Homeschool Convention Lessons and Tips
General, Homeschool

Homeschool Convention: What I Learned from My 1st Experience

My First Homeschool Convention Experience

Last month I got to go to a homeschool convention! It was a last-minute surprise – someone in my prayer group just started homeschooling and mentioned there was a convention in our city! Our provincial homeschool association puts on a convention every year – but I thought they were all in the capital city of our province. The capital is too far away to justify the costs of attending before we have children old enough to be officially homeschooled. So, I was delighted to hear there was one I could make it to now!

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I am so glad I was able to go. Even though our eldest is only 18 months, there was so much beneficial information at the convention. I feel more confident in my understanding of provincial regulations and requirements. Plus, I was able to geek out over all the books and curriculum at the convention hall.

Yeah – I had an amazing time. I don’t think I’ll go again next year, but I am really glad to have had this experience and gained the knowledge I did before starting Kindergarten with Little Fox.

A Few Hic-cups Along the Way

Since my husband was working on the first day of the convention (Friday), I had Little Fox with me for the day. I know 18 months old is too young to expect perfect behaviour all the time, but she is usually so good when we are out. She can sit still for an hour at church… and even do that twice in a day. Everybody compliments her. I was nervous about her possibly missing her nap and that affecting her, but I still suspected that with toys and snacks she would have a good time at the convention.

And – she did have a good time. She liked the venders and displays, and the book sale. Although, she wasn’t happy I held her the whole time we were in the book hall. But she was still quiet and cuddly, if a little squirmy.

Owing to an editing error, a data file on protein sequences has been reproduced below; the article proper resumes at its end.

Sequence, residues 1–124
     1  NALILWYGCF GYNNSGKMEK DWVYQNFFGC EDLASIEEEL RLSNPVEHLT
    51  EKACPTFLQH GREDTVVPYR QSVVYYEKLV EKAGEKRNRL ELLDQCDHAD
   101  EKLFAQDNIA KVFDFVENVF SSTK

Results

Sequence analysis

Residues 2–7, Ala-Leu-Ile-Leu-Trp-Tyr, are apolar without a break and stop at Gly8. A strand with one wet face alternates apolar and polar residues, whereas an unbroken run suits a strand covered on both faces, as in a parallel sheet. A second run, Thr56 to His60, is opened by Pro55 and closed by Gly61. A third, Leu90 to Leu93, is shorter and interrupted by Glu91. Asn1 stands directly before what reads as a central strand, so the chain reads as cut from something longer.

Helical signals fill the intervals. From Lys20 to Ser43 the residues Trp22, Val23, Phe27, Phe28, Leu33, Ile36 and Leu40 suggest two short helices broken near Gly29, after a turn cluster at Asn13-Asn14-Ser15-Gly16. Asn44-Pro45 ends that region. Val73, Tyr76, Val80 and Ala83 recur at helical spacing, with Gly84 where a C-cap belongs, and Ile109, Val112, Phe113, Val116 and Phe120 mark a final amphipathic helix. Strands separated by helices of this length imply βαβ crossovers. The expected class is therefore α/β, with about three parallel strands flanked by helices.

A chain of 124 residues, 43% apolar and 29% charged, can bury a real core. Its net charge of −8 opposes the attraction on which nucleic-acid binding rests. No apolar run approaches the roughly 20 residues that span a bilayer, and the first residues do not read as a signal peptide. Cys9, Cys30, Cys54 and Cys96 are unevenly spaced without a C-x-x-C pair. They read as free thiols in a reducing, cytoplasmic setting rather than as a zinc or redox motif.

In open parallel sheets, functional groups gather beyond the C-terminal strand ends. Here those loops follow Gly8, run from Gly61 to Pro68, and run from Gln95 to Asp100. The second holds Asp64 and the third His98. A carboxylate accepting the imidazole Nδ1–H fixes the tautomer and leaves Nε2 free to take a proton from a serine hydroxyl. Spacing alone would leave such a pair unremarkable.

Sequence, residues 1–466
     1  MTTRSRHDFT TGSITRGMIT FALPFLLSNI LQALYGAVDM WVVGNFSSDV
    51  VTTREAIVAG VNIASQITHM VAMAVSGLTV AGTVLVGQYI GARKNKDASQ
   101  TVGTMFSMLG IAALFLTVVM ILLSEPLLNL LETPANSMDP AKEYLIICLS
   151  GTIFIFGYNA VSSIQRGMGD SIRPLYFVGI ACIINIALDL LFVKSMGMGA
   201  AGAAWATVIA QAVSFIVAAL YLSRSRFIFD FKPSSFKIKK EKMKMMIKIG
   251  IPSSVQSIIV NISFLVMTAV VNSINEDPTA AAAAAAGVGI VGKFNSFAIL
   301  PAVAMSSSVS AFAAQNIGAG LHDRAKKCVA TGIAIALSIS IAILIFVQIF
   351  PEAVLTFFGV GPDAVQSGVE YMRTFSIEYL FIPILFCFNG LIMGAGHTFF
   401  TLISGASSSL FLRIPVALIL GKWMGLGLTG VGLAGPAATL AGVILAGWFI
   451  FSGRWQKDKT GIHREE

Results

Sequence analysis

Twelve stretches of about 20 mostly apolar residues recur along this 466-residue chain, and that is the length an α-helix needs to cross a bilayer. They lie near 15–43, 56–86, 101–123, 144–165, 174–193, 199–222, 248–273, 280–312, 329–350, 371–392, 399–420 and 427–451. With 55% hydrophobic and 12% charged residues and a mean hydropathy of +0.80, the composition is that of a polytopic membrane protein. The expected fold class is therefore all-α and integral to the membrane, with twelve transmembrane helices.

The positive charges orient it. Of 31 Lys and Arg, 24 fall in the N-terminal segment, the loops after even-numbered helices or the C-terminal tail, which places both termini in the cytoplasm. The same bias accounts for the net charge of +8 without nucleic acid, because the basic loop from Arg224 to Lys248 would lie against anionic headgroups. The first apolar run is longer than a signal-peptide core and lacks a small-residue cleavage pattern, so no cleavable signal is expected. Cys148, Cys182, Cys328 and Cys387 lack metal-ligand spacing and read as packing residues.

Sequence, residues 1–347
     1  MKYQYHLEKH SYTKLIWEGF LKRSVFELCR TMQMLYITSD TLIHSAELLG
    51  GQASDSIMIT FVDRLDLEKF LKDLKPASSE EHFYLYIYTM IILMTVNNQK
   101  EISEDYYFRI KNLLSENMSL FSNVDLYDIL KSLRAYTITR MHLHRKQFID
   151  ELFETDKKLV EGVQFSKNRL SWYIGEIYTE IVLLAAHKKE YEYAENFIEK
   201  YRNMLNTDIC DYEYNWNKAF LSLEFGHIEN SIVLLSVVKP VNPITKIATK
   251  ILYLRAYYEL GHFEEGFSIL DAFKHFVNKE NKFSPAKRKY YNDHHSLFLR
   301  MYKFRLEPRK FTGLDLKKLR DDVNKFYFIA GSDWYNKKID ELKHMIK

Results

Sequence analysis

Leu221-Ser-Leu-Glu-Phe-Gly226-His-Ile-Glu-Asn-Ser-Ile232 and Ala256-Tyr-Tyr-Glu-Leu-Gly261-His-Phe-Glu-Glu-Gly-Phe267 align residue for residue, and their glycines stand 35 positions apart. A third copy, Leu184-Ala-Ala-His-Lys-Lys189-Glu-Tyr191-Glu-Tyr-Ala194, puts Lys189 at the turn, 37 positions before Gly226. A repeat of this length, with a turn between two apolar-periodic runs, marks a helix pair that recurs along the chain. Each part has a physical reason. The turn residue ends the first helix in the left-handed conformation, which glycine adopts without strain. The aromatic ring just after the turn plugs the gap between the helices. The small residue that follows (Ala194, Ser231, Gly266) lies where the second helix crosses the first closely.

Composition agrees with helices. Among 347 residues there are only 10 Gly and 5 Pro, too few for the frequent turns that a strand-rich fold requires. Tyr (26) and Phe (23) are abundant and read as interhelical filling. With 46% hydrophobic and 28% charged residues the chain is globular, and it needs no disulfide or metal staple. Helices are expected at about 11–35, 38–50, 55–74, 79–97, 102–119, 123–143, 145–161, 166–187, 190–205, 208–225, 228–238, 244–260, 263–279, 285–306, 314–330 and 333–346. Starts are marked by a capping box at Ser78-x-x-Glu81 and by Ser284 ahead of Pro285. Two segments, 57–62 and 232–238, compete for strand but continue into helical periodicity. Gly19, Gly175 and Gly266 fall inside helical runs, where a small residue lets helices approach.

The problem came when it was time to listen to presenters. She did not want to go into the rooms where the speakers were. I don’t know if it was the dark lighting, if it was too quiet, or what, but she would fuss whenever I tried to bring her into one of the rooms. So, we missed the first talk which was an introduction to homeschooling. I heard some of it from the doorway, and it was mostly stuff I’d read already. But I definitely wanted to get some of the talks in on Friday. After all, that was why I was there!Make the most of Your First Homeschool Convention

We made it through most of one by bringing her in before it started so I had time to calm her before the speaking started. The second talk I even tried giving her the phone and letting her play with the camera to keep her happy and quiet. And that is a huge sacrifice for me – I hate letting her have screen time. And that didn’t even work.

Finally, I let her roam the convention area outside where the speakers were while I listened in the doorway. She fell asleep a minute and thirty seconds into the car ride home.

Don’t Judge a Talk by its Cover

The next day Little Fox was with Tato, so I had hands and arms free for attending convention events. Saturday I was able to focus on attending the talks I wanted to. And there were several great ones… but this is where I learned what I should have done before choosing talks at the convention: look up the speakers.

I accidently ending up in a talk about Unschooling. Now, for those of you who don’t know, unschooling is basically the opposite of classically educating. (You can read about our choice of classical education here). Unschooling is about child directed learning – there is no structure or curriculum. The child follows their interests and learns through engaging with those interests. Now, I do see how unschooling can give a good education – but I want the best! Classical still allows for delight directed learning. But it also provides the child with a foundation in a wide variety of subjects and topics they might not have otherwise explored.

Anyway, I did at least learn about a library app where I can place and renew holds from my phone (hurray)! But I could have saved myself some awkward feelings – and learned about something more applicable to my homeschooling journey, if I had taken the time to check out the speaker’s blog. So next time I am going to look into all the speakers I am interested in listening to, and not just go by the topic.

Homeschool Convention Venders

Since Little Fox didn’t want to go to any of the talks, we had a lot of time to explore the homeschool convention venders. Actually, when I didn’t have her, lots of the talks went over the break times, plus the venders were busier. So, if you end up at a talk you don’t find helpful, consider using the time to explore! It was really helpful for me to go at a quieter time. I may be an extravert, but I’m also shy.